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Global Economic Outlook
Ireland: September 2010 Outlook Update
By Katharina Jungen and Elisa Parisi-Capone
- RGE expects continued buoyant export growth over the next few quarters to drive Ireland’s recovery in 2010, but private consumption and investment activity remain impaired. We envisage GDP stabilizing in 2011.
- Sovereign risk is back at early 2009 highs given the uncertain costs of the banking sector bailout. Rising borrowing costs exert further deleveraging pressure on the highly indebted private sector.
- Ireland’s fiscal austerity agenda remains largely on track; however, the banking sector woes will require additional consolidation measures.
Outlook Update: Modest Expansion in 2010, Catch-Up Growth in 2011
The stronger-than-expected rebound in foreign demand for Irish exports is offset by renewed sovereign risk concerns and rising borrowing costs, which prompts us to leave the 2010 forecast unchanged at 0.2%. As indicated by business surveys, the external sector continues to provide the main impetus for Ireland’s economy, while a recovery in domestic demand remains elusive.
Figure 1: Real GDP Levels (€ millions, right axis) vs. GDP Growth Rate q/q (left axis)
Private consumption appears to have troughed, but investment activity is still registering sharp declines. Domestic demand is unlikely to see a notable recovery in 2010 as the ongoing need for aggressive fiscal consolidation measures will continue to weigh on economic activity. Hence, despite an impressive 2.7% q/q GDP expansion in Q1 2010 on the back of a similar contraction in Q4 2009, the likelihood of further negative quarters remains high. GNP, a more accurate indicator of Ireland’s economic performance (as it excludes repatriated foreign investment profits), will even see a renewed contraction of close to 1% this year, evidence of the sluggish performance of domestic demand. Following three years of negative growth, we expect GDP to stabilize and record bounce-back growth of 1.5% in 2011. The economic upswing will be held back by the expected slowdown in global demand in late 2010 and beyond. RGE expects consumer prices to fall by 1.4% in 2010 before registering modest growth of 0.5% in 2011.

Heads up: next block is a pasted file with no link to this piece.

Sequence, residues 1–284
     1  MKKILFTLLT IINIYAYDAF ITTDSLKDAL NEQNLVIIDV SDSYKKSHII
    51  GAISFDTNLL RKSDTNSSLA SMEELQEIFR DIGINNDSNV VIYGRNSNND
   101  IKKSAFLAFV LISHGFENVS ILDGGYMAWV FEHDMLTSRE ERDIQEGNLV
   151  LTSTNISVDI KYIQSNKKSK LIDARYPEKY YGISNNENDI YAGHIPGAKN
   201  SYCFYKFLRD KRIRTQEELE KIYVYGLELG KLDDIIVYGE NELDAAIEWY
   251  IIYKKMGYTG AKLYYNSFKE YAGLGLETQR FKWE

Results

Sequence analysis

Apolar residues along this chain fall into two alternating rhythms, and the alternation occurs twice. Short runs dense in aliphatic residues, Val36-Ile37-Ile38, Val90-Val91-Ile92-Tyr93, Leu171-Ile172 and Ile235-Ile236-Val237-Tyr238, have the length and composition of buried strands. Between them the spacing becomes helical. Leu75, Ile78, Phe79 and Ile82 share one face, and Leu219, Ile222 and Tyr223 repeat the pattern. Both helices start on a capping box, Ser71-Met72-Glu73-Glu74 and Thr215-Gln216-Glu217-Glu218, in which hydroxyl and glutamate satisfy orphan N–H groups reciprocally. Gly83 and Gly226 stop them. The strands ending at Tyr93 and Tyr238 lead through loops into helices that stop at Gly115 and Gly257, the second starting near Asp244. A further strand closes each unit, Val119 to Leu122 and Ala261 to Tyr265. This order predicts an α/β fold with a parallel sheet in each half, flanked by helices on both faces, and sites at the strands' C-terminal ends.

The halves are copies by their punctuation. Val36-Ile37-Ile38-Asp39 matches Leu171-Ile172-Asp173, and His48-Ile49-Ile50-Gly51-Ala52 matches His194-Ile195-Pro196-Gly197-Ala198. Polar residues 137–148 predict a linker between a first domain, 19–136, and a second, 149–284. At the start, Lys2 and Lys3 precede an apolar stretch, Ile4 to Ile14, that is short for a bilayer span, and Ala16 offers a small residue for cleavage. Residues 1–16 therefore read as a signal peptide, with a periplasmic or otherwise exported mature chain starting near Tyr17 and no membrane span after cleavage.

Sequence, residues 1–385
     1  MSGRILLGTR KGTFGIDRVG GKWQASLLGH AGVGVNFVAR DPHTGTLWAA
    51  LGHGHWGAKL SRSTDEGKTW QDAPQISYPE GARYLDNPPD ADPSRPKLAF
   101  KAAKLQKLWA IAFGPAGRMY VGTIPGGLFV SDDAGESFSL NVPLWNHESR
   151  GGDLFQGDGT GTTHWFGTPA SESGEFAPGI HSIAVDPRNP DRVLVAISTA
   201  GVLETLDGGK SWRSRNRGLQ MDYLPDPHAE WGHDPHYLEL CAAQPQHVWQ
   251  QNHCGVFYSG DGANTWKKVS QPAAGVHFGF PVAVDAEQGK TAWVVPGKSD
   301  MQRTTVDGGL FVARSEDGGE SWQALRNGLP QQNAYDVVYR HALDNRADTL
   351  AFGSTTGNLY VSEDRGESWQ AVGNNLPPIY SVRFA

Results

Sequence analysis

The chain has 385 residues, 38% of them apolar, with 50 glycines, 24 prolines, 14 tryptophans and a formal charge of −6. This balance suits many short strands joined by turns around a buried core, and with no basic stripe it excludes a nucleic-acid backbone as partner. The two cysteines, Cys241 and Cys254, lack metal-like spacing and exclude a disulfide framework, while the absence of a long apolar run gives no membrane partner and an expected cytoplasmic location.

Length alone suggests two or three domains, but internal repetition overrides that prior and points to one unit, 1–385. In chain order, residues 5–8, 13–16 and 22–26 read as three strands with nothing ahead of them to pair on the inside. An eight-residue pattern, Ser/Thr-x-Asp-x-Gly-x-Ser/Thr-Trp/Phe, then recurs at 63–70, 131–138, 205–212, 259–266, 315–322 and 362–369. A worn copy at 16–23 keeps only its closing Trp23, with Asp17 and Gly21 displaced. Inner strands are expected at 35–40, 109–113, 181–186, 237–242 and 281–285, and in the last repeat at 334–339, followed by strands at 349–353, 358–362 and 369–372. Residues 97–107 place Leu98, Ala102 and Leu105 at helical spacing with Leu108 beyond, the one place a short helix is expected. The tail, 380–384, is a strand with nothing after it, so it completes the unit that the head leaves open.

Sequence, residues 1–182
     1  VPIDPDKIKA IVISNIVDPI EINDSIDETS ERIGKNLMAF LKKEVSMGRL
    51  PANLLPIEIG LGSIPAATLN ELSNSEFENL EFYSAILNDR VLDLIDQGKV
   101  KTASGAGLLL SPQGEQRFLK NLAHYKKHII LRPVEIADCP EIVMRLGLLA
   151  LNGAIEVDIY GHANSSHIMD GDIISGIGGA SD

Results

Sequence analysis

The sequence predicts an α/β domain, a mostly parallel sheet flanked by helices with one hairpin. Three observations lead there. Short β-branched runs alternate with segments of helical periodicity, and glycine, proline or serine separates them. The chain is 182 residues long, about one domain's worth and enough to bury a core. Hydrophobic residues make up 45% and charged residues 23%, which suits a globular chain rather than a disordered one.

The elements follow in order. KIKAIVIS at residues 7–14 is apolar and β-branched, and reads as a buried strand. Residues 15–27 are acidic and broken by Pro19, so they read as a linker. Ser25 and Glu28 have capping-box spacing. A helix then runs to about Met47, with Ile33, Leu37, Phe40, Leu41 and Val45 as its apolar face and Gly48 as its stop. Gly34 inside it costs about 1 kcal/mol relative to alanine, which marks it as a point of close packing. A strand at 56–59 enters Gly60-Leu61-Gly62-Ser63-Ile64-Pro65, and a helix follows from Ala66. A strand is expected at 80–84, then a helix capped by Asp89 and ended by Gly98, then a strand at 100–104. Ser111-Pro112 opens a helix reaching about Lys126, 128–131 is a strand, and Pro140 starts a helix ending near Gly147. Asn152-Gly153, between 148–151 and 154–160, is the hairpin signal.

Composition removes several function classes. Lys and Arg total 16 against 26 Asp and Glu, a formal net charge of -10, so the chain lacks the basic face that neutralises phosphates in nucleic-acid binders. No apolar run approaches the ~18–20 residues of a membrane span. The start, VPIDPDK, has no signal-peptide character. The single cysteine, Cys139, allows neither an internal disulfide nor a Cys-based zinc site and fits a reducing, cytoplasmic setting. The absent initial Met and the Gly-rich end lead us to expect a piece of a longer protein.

Growth Dynamics: A Broader-Based Recovery Will Only Gradually Materialize in 2011
RGE expects the recovery in the external sector to have further strengthened in Q2 2010 given the rebound in global economic activity, with additional tailwinds provided by the economy’s trade-openness and the weak euro. Furthermore, the ongoing positive adjustment in Ireland’s external competitiveness in light of falling wages and declining consumer prices will give an additional boost to export growth. However, indicators suggest that the rebound in global economic activity peaked during the summer months and will start to moderate going forward. Particularly worrying are weak growth prospects for the eurozone and the U.S., Ireland’s most important trading partners next to the UK. Notably, Ireland’s manufacturing PMI, which has registered above the key 50 mark—indicative of output growth—since March 2010 as a result of strong foreign demand, weakened for the third consecutive month in August 2010.